This level of entrepreneurship is scary, Kale acknowledges. “You’re out on an island, it’s lonely at the top—all of that is true! And it’s true in every business, but our industry’s business model leaves us more vulnerable than most. In most businesses, the workers don’t keep such a large percentage of the money coming in.”
Leaving the Door Open
It’s understandable, then, that owners set up business systems that do not to make it easy for stylists to leave. But Kale says it’s self-defeating to make their exit acrimonious.
“If people want to leave, they’re going to leave,” she says she's learned. “Creating barriers just makes it more painful.”
Closure comes rarely, she observes, saying, “In this industry, often you don’t have that final conversation. They may just send an email documenting all the work they’ve done for you and say they’re never coming back. Typically they’ve been planning this for a long time. So anything you try to offer at that point isn’t going to change their mind.”
The best outcome, Kale believes, is one with low drama and high empathy. Then you never know what might come next.
“Now we’re leaving the door open for people to come back if they’re a good fit for our culture,” she says. “This is new for us!”
She says she can accept that “sometimes new talent just have to scratch that itch. While more experienced talent that we bring on appreciate what we have here, newer people may just have to experience what’s out there.”
Culture that Breeds Loyalty
Shedding her anxiety has freed Kale’s time and attention to focus on continually improving her business so that employees want to stay.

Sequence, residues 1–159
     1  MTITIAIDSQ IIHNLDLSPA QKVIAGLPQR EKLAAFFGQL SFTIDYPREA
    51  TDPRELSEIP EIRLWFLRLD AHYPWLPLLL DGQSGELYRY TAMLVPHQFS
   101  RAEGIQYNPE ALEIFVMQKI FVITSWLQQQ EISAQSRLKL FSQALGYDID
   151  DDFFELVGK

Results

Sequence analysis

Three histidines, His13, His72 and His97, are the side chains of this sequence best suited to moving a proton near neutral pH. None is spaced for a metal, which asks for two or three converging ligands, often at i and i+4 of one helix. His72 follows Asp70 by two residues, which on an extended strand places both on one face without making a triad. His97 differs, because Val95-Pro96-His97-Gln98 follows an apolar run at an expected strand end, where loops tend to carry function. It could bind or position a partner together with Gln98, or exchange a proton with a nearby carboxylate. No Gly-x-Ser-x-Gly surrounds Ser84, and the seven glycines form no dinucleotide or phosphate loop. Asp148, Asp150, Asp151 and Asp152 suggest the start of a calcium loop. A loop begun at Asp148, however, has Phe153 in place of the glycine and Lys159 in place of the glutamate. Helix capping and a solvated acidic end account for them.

“People leave to make more money and have more freedom,” Kale observes. “So I make sure they’re making a lot of money and having enough freedom.”
When someone reaches a “best month ever,” the whole team celebrates. When that high month’s numbers become the average month’s numbers, it’s noted; maybe the stylist raises prices. The structure offers slots for those who want to become educators, there’s no pushback if a stylist takes vacation time, innovation is a core value, and new ideas are always welcome.
“If they ask for something that’s in line with our core values and will not hurt our profitability, my answer probably will be ‘yes,’” Kale says. “For example, our shifts allow for a lot of flexibility and are always changing. Most of our top team doesn’t work Saturdays, but our new hires are ambitious and ask for busy shifts. They mostly set their own total hours. I’d rather have them be happy and productive working two shifts a week than agree to a 40-hour week and sit around the back room with unproductive time. That’s where the negativity occurs.”